Music for rootless people

Happy spring equinox, Toronto!

And Nowruz mobarak to all who celebrate.

Nowruz is a non-denominational event that marks the start of the Persian New Year and the first day of spring.

But it doesn’t feel like spring here in Toronto. It was snowing last night and it’s -2 degrees Celsius right now. A few more days of such crappy weather and I’m going to take it personally, Toronto, you hear me?

Anyway, I hope by now you’ve hit the play button and started listening to this fantastic spring song by one of my most favourite artists ever, Iranian-born Azam Ali.

I discovered Azam’s songs by accident at the beginning of 2010. (I always knew that spending so much time on YouTube will bring something good sooner or later.)

I fell in love with Azam’s music before I knew anything about her and the philosophy behind her art. I had just returned to Bulgaria after spending two and a half years in New York City and I was depressed because I had wanted to stay. At the time I couldn’t imagine that leading a meaningful life outside of the Big Apple is possible.

New York tends to have that kind of effect – you fall in love with it so hard, you can’t imagine being away from it.

So the nostalgia that many of Azam’s songs are drenched with felt totally right.

I also loved the fact that her music is such a sublime mixture of Middle Eastern ethnic elements and modern beats. It has a truly exotic feel.

And then there’s her absolutely divine voice. She sings not only in her native Farsi, but in a bunch of other languages, too – Arabic, Turkish, French, English…

So I was listening to Azam for a good year or so, when I finally heard her describe the philosophy behind her music: that it’s a place for nomads, for rootless people who have lived in different parts of the world, but feel that they don’t belong anywhere, not even back home anymore.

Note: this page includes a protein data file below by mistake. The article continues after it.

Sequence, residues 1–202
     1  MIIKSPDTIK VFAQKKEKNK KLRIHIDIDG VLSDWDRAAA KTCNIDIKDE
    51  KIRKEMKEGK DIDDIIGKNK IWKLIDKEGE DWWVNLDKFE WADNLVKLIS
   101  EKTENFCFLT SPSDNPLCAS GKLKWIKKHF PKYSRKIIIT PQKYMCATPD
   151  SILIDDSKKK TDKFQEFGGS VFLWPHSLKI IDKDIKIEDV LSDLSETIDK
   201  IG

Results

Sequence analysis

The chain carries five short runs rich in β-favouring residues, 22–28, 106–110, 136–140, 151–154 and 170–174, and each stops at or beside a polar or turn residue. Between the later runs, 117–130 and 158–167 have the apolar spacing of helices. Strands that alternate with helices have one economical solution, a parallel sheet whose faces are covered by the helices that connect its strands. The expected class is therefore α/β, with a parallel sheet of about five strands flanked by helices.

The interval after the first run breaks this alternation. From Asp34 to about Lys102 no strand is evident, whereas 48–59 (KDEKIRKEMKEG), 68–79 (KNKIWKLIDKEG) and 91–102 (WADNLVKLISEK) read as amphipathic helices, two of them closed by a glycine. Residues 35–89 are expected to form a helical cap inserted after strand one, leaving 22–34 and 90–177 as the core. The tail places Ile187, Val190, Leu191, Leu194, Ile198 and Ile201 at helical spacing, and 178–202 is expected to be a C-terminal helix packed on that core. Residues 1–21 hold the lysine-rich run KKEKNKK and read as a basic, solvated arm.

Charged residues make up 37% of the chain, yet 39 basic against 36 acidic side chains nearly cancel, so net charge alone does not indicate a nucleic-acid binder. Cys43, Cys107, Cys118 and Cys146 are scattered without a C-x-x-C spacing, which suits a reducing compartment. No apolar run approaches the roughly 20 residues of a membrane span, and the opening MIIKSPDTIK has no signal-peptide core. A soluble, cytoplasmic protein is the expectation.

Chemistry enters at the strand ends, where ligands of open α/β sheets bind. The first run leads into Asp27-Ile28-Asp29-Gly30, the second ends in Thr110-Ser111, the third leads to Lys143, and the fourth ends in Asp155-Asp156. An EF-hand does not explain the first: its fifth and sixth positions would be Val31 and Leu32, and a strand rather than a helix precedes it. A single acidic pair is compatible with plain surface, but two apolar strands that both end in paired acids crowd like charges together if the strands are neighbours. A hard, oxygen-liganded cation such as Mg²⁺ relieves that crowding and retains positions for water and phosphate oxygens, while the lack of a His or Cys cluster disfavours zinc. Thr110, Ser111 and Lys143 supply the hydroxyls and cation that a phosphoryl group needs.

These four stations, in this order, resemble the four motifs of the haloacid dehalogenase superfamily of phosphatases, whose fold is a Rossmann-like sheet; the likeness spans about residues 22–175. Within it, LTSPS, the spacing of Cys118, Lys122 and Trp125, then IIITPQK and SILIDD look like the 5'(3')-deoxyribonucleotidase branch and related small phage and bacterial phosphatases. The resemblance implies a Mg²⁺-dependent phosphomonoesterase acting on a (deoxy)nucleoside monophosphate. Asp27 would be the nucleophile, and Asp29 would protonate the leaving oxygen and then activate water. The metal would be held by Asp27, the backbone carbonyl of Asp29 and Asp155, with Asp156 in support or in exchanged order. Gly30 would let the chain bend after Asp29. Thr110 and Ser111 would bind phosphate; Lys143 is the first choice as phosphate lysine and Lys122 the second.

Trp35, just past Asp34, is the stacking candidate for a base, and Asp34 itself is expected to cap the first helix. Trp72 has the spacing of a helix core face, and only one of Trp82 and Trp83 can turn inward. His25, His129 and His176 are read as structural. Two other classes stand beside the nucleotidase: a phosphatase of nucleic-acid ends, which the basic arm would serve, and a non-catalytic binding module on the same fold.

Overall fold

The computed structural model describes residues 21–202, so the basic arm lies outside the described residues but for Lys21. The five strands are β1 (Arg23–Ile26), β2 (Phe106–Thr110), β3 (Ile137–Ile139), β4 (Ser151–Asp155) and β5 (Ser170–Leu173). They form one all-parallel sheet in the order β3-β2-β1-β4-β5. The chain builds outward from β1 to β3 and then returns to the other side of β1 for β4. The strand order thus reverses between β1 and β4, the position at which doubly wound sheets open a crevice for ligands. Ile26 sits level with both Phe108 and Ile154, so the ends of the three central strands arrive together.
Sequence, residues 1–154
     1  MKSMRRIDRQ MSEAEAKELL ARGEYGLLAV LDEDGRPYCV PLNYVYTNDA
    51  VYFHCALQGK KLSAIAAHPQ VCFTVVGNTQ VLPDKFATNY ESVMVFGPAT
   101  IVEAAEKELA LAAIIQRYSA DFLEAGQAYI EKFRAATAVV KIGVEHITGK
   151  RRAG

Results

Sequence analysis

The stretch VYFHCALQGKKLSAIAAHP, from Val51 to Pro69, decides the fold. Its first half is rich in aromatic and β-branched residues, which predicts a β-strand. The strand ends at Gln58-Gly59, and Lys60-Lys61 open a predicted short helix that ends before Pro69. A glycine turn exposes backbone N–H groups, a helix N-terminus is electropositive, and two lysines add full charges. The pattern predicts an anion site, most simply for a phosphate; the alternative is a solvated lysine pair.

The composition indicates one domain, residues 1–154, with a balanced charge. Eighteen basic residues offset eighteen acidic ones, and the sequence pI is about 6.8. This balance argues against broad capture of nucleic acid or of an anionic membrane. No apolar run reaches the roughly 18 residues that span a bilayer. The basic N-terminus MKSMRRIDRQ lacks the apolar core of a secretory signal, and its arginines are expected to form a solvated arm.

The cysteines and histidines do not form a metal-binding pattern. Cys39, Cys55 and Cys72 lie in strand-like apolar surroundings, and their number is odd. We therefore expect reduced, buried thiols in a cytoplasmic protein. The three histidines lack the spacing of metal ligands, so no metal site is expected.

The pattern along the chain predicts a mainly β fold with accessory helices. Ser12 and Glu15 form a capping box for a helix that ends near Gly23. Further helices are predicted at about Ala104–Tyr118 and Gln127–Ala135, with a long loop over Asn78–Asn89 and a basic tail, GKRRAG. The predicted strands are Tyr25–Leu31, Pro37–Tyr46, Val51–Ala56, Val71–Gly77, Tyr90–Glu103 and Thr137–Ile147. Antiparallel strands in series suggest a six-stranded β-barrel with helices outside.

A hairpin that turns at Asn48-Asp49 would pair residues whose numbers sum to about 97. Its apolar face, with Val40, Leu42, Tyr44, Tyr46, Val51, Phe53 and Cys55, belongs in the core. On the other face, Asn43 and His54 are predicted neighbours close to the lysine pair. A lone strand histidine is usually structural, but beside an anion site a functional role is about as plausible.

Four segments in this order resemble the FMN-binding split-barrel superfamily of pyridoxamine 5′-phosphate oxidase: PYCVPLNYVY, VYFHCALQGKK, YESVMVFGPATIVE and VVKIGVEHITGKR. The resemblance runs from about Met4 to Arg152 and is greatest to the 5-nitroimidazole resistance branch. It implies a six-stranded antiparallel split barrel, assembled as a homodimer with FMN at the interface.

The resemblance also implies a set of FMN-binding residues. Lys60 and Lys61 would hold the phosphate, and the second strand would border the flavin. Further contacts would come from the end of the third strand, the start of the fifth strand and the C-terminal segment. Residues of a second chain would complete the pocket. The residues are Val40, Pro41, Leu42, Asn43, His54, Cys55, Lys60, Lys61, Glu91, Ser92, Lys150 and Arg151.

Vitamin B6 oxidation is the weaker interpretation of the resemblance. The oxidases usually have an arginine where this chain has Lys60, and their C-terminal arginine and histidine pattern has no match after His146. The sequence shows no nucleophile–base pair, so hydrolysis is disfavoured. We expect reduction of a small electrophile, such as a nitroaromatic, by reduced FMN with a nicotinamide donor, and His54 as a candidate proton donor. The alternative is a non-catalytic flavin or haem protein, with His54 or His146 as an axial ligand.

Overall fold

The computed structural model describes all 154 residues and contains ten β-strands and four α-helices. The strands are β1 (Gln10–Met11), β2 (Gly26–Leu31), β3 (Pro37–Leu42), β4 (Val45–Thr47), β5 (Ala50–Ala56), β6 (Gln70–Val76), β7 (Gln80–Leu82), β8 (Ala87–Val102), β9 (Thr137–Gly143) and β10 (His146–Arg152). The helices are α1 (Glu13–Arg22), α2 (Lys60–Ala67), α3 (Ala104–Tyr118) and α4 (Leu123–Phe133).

However, I like to think that Azam’s music is also meant to help those same nomads learn to feel at home anywhere in the world. It’s certainly what I’ve been trying to do and gotten better at with my latest move, this time to Canada.

But back to Azam. She was born in Iran, grew up in India and then moved on to the United States and Canada.

The details of her life story are so inspiring (for lack of a better word) and at times heart-breaking. She spent much of her childhood separated from her mother.

Azam was also away from her mother when she died in Iran. I always cry when I listen to the part of the interview, around minute five, where she describes flying back to her home country after many years to attend her mother’s funeral.

I’ve never been a celebrity person, but I would definitely love to meet Azam one day. I feel so bad I missed two – yes, two! – of her concerts last year. At the time I was living in Brussels and she performed in both Paris and London.

I couldn’t go because I had to work – in both cases I had to cover meetings of the EU heads of state. Yeah, the joys of being a journalist – you have no life.

But hopefully I can see her soon. Until then, enjoy the spring and remember that home is wherever you are.

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4 Responses to Music for rootless people

  1. I am such a big fan of Azam Ali. Her music is my reminder of all the beauty that exists in this world, despite the horrors of which I read daily in the news. With a message of global unity, peace and understanding, she weaves haunting lyrical tapestries that transcend the barriers religion and ill-informed misconceptions have shoved between our nations like stakes in our hearts. Her voice is my greatest inspiration.

    • sadakova says:

      Wow, Alexandra, it’s great to connect with another Azam Ali fan! Yeah, I also really love the progressive and cosmopolitan philosophy behind her music. No matter who you are, that music makes you feel welcome.

  2. venzak says:

    Greetings from Bulgaria and congratulations for this blogpost.I love music of Azam and hers musical projects and hope one day to come and play here in Bulgaria.I think city like Plovdiv will be perfect for a concert of Azam or Niyaz may be.

    • sadakova says:

      Hi venzak, and greetings from Toronto! I’m Bulgarian myself – maybe that’s part of the reason why the music of Azam Ali and Niyaz (and Vas) appeals to me so much. The Middle Eastern elements of their music are so very similar to Bulgarian/Balkan folklore.

      I’m assuming you are familiar with this awesome piece?

      And yes, I agree: Plovdiv would be a terrific place for their concert.

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